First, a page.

Monday, November 23, 2009

Sail With a Friend

It's not that I'm paranoid, but there really are people out there trying to read my mind...

First of all it was the Wizard of Berkeley twice trying to guess the subjects of my group writing projects before I announced them...

Now the Old Man of Lake Eustis has attempted to guess the subject of the final instalment of my series on How Not to Die on Your Laser.

And the spooky thing is that both of them did accurately read my mind! Am I that predictable? Or do these two old geezers have supernatural powers?

So, yes, the fifth of Tillerman's Tips on How Not to Die on Your Laser is Sail With a Friend.

What? What's that he said? Tillerman said you should always sail in company, sail with other Lasers, sail with a friend? Is this the same Tillerman who actually boasted in Anti-Social Bastard that he sailed 50 times on his own last year? The same Tillerman who wrote posts about sailing alone early in the season on the Sakonnet River such as So Where the Bloody Hell Are You? and who also wrote about sailing alone in the dark days of December in posts such as Paint it Black? What a hypocrite.

You are right. I am a hypocrite. But it is true that if you want to play it really safe you should never go off Lasering on the sea on your own. Shit happens. Bad shit sometimes happens. Here are just a few of the things that could happen when you go Lasering. If any one of these things happened while you are on your own a mile from shore you might never get home...
  • injure yourself
  • break the mast
  • break the boom
  • break the rudder
  • break the mast-step
  • break the gooseneck
  • rip a fitting off the boom
  • have a heart-attack or a stroke
  • get run over by a ferry or powerboat
  • fall off the boat and lose contact with it
  • hit a rock and knock a huge hole in the hull...
OK. There's probably many more things I could list but that's scared me enough for now.

My son and I had a conversation about sailing a Laser alone on the day that the two of us went for a blast in the waves at the mouth of the Sakonnet River. I wrote about it in Fat Boy and Little Man.

"So is it really any safer with two of us? If one of us breaks a mast or a boom, say, in waves and wind like this, there's no way that the other one is going to be able to tow the damaged boat back to shore."

"True. We may have to abandon the broken boat. But with one good Laser we can make sure that the two of us make it alive back to the beach."


And that's the point. If you are sailing with at least one other friend in a Laser, he can help you in all sorts of ways. If you get separated from your boat, he can pick you up and sail you back to it. (Been there, done that.) If your boat breaks he can perhaps help you do some kind of jury-rig repair. Worst case, he can pick you up and take you back to safety even if you have to abandon your boat.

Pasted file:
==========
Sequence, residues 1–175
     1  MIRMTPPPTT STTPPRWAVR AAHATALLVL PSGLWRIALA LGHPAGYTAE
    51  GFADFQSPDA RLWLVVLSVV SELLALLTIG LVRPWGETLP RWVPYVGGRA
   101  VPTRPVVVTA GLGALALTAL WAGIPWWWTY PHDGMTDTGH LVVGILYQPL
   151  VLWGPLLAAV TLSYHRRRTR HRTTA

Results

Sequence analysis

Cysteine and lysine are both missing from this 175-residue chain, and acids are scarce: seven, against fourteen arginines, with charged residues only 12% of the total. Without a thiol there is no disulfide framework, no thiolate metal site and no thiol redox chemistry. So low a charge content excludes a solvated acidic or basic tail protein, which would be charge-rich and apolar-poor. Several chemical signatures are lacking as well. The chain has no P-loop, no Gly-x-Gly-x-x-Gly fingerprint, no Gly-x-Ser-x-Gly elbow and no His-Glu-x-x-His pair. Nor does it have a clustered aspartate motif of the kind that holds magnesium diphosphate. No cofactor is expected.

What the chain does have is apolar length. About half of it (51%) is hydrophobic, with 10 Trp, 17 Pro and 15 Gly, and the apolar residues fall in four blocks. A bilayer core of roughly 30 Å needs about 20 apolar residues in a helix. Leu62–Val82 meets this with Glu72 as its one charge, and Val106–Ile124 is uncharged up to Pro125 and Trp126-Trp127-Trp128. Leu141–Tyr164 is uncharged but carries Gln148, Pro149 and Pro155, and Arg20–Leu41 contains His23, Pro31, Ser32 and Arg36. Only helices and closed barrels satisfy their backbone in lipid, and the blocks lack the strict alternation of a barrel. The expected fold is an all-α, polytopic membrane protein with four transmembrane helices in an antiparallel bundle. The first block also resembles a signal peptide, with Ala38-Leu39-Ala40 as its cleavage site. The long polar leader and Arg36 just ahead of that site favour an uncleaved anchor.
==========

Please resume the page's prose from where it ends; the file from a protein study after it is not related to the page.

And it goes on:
So, yes, it's a good rule never to sail alone.

Is that going to stop me from sailing alone? No. Absolutely not. I discovered last year that some of the most rewarding experiences on the water come from solitary sails. And there are things you can do to make sailing on your own somewhat less risky...

Oh no! I feel another series coming on. Tillerman's Top X Tips on How to Stay Safe When Sailing Alone on Your Laser.

Watch this space.


Pat said...

Although Yogi Berra thought that , "predicting is hard, especially about the future",

Let's see what might be in the Sail alone posts...

cell phone in a dry bag;
people on shore have a "float plan" (where you are and when you expect to be back and a good description of you and your boat);
making your boat visible;
wet/dry suit, life vest, layers/foulies as needed and with spare protection to deal with changes in conditions;
for keelboaters, having some tools, spares, provisions, and signaling gear on board to deal with common emergencies;
not sailing alone in unfamiliar waters;
observing a safe "bottle to throttle" interval;
trying to avoid sailing in areas where a catastrophic rig failure would send you into more dangerous waters;
thinking ahead about how you might deal with emergencies;
keeping an energy reserve.

Anonymous said...

How about a waterproof handheld VHF intstead of or in addition to the cell? The Coast Guard's direction finding equipment works at VHF, not at cell frequencies.

Steve in Baltimore

Sam Chapin said...

I thought you would do it. Good job. And now we wait for the next ten.

Pat said...

Or, you could have a "Spot" device or personal EPIRB.

PeconicPuffin said...

Consider the windsurfer, who can carry precious little extra should he/she choose to sail alone, as I occasionally do.

My own list-o-tips includes:

-wearing a helmet.
-freshly inspected lines.
-a spare line, long enough to jerry rig any number of repairs.
-freshly inspected hardware.
-choice of sailing venue (if I lose my rig and am left clinging to my board will I be blown to shore?) and "is there sufficient friendly water traffic to make me comfortable more than a mile from shore? If not, stay within a mile, which I can probably swim."
-getting off the water before I'm fully fatigued. With no reserves available in the form of friends, and the likelihood of making a serious mistake increasing with fatigue, get off the water soon. Also take more frequent breaks.
-extra attention to hydration and a bite to eat before launching.

-Overdressing/exaggerating the "stay warm" factor (wearing a hood when you might otherwise not, choosing the heavier wetsuit if the choice is close etc. ) The one advantage windsurfers have is we're dressed to be in the water (since falling in is a certainty.)

My favorite tactic is to use the long list of fellow windsurfers I have in my cellphone to scare up a sailing companion or two.

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